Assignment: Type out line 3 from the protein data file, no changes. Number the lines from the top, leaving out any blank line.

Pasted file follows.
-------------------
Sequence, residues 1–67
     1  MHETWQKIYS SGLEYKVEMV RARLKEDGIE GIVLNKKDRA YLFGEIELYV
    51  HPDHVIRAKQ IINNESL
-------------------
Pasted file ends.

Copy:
    51  HPDHVIRAKQ IINNESL